The Federal News Network surveyed six agencies and one large government contractor about the continued development of their human resources program. They took the results from the survey and put them together in a document, Strategic Guidance Survey: Reskilling, Training and Retention. And while there is no one answer to each problem faced within each agency, there are common themes and takeaways “that are driving to a universal end result: Employees who are successfully prepared to take on the mission of today and in the future,” said Jason Miller, executive editor, Federal News Network.

The survey asked representatives from the Office of the Director of National Intelligence, Defense Acquisition University, Air Force Civilian Force Management, Veteran Affairs Department, the US Coast Guard, Federal Bureau of Investigation, and Raytheon Misses and Defense five questions. The questions focused around challenges and changes that came from the COVID-19 pandemic, barriers, or challenges for recruitment especially with a focus on careers in tech, and current training and future workforce needs.

Impact of the COVID-19 Pandemic on the Government

The government was forced to overcome many challenge because of the COVID-19 pandemic. While agencies have considered telework options for employees, it was vital for agencies to find a way to continue the work being done without having to physically be in the office. One big takeaway was, “We can adopt some of these things that the private sector is doing. We increase the talent pools if we start to look beyond the immediate DC region, or the immediate geographical region. We recruit a little bit differently, because we can be supported through remote work.”

Agencies have realized to “accept change or lose.” Agencies understand that pre-COVID life is a thing of the past and they need to adapt and change to meet the current work forces needs. The message of “we can’t” has begun to change into “how can we.” This change of philosophy is giving agencies not only more flexibility but also enticing workers who are searching for their flexibility in their own life.

Challenge Extended and Possible Solutions

One challenge for government agencies is finding a way to determine what type of employees and skills they will need in the future. The government has programs that allow workers to cross train or the ability to recruit potential public servants in college or even high school. But if the agency cannot foresee the employees, they will need in the future, they can’t plan to recruit that workforce years in advance. Some skills take years to train.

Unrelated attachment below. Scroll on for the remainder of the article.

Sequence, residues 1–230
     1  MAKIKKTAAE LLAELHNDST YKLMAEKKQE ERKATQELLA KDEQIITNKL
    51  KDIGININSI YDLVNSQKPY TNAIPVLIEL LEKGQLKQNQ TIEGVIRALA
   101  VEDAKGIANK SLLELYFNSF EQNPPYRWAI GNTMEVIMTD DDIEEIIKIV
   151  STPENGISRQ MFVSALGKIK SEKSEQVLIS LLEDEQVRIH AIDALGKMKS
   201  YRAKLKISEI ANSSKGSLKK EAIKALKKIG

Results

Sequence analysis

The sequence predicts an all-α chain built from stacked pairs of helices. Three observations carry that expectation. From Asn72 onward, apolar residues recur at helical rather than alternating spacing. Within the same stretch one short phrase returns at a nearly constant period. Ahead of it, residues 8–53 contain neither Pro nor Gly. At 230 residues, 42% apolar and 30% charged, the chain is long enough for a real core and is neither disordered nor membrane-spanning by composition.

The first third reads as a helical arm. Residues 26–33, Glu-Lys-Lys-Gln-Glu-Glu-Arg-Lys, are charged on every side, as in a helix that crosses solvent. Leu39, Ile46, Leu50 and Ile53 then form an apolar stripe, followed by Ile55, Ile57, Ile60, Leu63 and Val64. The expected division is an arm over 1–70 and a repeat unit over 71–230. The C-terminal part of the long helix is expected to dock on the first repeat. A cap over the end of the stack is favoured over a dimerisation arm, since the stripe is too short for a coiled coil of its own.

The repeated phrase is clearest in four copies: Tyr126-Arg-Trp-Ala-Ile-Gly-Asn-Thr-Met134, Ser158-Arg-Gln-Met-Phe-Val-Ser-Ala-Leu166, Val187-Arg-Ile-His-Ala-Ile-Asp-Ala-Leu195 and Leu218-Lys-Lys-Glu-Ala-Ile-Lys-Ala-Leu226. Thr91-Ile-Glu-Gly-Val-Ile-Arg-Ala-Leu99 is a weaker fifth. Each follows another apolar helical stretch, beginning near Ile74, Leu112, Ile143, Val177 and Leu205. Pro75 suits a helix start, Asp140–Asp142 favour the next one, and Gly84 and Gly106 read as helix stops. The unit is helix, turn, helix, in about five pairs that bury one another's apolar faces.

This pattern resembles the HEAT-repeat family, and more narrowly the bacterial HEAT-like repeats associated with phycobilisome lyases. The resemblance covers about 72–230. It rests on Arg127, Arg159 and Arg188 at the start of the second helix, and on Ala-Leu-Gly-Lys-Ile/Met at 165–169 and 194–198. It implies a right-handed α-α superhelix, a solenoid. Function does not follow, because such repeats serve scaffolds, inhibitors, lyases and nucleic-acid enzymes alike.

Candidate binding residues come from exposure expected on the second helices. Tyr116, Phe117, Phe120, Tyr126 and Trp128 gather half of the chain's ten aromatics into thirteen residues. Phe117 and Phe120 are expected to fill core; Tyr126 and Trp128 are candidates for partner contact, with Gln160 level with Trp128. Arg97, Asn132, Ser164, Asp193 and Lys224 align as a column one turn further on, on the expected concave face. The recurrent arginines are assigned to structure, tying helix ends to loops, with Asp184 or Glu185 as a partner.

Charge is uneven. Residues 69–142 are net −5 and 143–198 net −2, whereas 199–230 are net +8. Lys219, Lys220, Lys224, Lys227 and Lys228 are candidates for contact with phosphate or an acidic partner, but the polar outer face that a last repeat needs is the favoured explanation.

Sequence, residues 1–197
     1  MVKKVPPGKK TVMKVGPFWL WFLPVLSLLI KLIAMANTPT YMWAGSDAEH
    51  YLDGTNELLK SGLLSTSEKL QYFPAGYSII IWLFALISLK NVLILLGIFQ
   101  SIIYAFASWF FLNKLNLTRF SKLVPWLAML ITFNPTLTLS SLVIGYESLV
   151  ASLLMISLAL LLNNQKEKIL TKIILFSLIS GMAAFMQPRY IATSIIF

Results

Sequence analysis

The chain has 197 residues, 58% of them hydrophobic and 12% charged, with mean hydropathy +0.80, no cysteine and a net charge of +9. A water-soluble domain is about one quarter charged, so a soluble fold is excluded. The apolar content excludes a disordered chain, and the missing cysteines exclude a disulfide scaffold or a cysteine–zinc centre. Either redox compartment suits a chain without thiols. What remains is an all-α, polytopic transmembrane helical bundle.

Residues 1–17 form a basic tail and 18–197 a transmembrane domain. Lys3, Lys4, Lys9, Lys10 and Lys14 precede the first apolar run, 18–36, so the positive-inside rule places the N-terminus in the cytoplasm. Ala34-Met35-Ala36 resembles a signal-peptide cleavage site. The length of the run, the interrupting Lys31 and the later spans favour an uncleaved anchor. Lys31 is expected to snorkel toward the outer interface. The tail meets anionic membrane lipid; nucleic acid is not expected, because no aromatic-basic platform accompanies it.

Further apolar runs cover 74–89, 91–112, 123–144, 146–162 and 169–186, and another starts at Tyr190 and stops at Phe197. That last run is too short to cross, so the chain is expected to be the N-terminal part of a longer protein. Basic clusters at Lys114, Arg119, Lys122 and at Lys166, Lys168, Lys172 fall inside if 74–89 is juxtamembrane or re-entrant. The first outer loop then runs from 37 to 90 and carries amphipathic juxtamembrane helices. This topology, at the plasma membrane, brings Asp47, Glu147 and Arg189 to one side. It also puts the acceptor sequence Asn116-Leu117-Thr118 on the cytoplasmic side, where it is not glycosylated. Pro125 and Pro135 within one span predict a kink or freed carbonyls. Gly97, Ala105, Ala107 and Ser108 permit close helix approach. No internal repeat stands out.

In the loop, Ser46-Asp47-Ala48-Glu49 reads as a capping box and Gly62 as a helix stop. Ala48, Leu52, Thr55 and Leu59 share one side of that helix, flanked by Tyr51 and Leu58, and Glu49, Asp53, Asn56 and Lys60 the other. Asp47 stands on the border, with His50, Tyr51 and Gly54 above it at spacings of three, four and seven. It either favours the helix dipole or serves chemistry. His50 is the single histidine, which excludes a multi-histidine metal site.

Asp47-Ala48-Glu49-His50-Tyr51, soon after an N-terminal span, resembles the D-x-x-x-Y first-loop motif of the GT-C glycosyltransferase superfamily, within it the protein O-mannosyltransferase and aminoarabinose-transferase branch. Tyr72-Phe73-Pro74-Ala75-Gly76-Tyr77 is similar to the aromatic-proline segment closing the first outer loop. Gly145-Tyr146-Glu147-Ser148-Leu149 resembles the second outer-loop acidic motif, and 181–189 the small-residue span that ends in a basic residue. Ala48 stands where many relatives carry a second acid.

There are some artificial intelligence programs that are being used to sort through resumes. If that tool could be redirected, it could go through the resume of the current workforce and see if current employees could be retrained or moved for promotion though new programs. It could help the government agencies continue to make the changes needed to adapt and change while providing employees the opportunity for advancement and training they are searching for.

Take the Lessons Learned and use them

Steve Dobberowsky, director of strategy and value services with Cornerstone OnDemand ends his analysis by saying, “I think what we should be looking for are the flexibilities that are present, and simply ask to use them more frequently. We’re in a better spot post-COVID, because we learned that we can do it. And we can do it safely. And it really increases our flexibility and our people like it.”

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Amanda is a military spouse and veteran who served in the Air Force for six years as a Civil Engineer including a deployment to Afghanistan. She traded in her combat boots for a diaper bag to stay home with her two boys and follow her husband’s military career. She published her first book in 2019 titled Women of the Military, sharing the stories of 28 military women. In 2019 she also launched her podcast also titled Women of the Military. In 2020, she was published as a collaborative author in Brave Women Strong Faith. And in 2021, she launched a YouTube channel to help young women answer their questions about military life, Girl’s Guide to the Military. You can learn more about Amanda at her blog Airman to Mom.